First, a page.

Nitrogen conversion factor

Amino acids

Fat, total (or fat as  triacylglycerols equivalent) 

Fat, total (or fat as triacylglycerols equivalent) Fatty acid conversion factors

Phospholipids, sterols, stanols, other lipid classes
Total saturated fatty acids, total monounsaturated fatty acids, total polyunsaturated fatty acids

Trans fatty acids, individual fatty acids, total saturated fatty acids, total monounsaturated fatty acids, total polyunsaturated fatty acids

Isomers of unsaturated fatty acids
Carbohydrate, available and/or total Carbohydrate, available and/or total


Sugars, total

Sugars, total Individual mono-, di-and oligosaccharides Polyols, total and individual Glycemic index




Starches, including glycogen Polysaccarides

Rapidly digestible starch Resistant starch

Dietary fibreb

Dietary fibresb and their fractions

Non-cellulosic polysaccharides Cellulose Lignin Monosaccharide components of non-starch polysaccharides


Organic acids, total

Individual organic acids




Metabolizable energy

Metabolizable energy with energy conversion factors

Individual energy conversion factors Determined heat of combustion

Ash, total

Ash, total


Inorganic constituents














Iron, haem Fe, non-haem Fe









Chloride, fluorine, nitrate, nitrite, sulphate


Iodine (if public health concern)



Selenium (if public health concern)

Essential trace elements (Cr, Mn, B, Co, Se)



Inorganic contaminants (Pb, Cd, As, Hg, Ni, Al)



Vitamin A (RE) Retinol Beta-carotene equivalents

Vitamin A (RE), retinol, beta-carotene equivalents, beta-carotene, other provitamin A carotenoids,c all activity factors Individual carotenoids, including non-provitamin A carotenoids

Other retinoids with activity factors Isomeric forms Retinol

Vitamin D

Cholecalciferol (vitamin D3), 25-hydroxy-vitamin D3, ergocalciferol (vitamin D2), 25-hydroxy-vitamin D2, activity factors.


Vitamin E  Vitamin E (and activity factors), tocopherols and tocotrienols


Vitamin Kd

Vitamin Kd


Vitamin C 

Vitamin C, individual vitamers (e.g. ascorbic and de-hydroascorbic acids)








Niacin, total

Niacin, total; preformed niacin; 

Tryptophan value, conversion factor potential niacin from tryptophan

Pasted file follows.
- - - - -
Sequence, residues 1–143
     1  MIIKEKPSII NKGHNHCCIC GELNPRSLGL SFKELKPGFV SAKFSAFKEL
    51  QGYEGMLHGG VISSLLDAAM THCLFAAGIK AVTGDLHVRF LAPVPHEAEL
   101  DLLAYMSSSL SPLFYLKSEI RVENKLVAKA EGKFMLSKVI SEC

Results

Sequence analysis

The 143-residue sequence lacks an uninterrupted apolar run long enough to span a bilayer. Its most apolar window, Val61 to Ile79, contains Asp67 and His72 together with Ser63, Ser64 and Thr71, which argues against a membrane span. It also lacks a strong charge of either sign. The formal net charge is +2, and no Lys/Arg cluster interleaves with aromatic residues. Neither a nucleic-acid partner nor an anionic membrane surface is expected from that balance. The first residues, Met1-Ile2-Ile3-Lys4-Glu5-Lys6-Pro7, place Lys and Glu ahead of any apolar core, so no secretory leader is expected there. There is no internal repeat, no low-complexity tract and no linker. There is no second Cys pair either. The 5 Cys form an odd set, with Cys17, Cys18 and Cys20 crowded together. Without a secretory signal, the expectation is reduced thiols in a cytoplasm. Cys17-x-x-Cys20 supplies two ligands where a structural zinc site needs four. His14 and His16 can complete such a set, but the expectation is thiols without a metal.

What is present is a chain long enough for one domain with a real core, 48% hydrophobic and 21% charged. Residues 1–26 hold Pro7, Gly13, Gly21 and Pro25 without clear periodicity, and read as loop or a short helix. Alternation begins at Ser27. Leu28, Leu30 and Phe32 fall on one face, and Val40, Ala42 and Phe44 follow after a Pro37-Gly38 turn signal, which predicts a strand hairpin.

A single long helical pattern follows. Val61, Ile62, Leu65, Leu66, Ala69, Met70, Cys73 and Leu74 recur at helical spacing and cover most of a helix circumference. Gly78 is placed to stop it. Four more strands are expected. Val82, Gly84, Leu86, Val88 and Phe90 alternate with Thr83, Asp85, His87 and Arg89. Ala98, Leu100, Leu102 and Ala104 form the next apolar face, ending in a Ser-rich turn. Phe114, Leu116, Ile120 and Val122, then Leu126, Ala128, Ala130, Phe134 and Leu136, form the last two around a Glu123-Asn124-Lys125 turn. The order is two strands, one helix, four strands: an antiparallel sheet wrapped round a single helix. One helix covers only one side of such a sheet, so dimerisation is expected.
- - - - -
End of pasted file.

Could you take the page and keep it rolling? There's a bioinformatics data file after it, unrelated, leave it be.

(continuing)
Folates, totale Folates, total; individual vitamers; activity factorse


Vitamin B6

Vitamin B6 pyridoxal, pyridoxal and pyridoxamine and their phosphates


Vitamin B12

Vitamin B12, individual isomers



Pantothenic acid





Other components


Bioactive substances Bioactive substances


(e.g. flavonoids, phytoestrogens)

(e.g. flavonoids, phytoestrogens)


Organic contaminants, pesticides and other residues  Organic contaminants, pesticides and other residues


Additives Additives

* Constituents listed for the comprehensive user database are also common to the reference database

This might include contaminants and additives and all constituents that exhibit biological activity, particularly dietary phytochemicals. In most cases the data sets will cover a limited number of foods.
These values need to be defined by the analytical method used.
Some users require estimates of total vitamin A activity; because the calculations of activity are uncertain it is better to give measured retinol and carotene values separately.
Values for all vitamin K forms are not available, at present K1 are adequate.
These values need to be defined by the mode of calculation and/or analytical method used.


Table 4.2 Examples of data dissemination formats

Output form and user




Numeric data

Source/quality/ confidence codes

Tablesa, concise

Consumers and professionals

Limited subset, including aggregates (e.g. hard cheese, soft cheese)

Small subset: core nutrients

Per 100 g and up to two other measures


Desirable at food level

Tables, abridged

Consumers and professionals

Large subset, disaggregated foods (e.g. individual cheeses)

Large subset: nutrients, factors, non-nutrients

Per 100 g and one or more other measures

Essential: mean Desirable: standard deviation and/or standard error, number of samples

Desirable at value level

Tables, unabridged Professionals



Per 100 g and one or more other measures, per g Nb, per g TFAC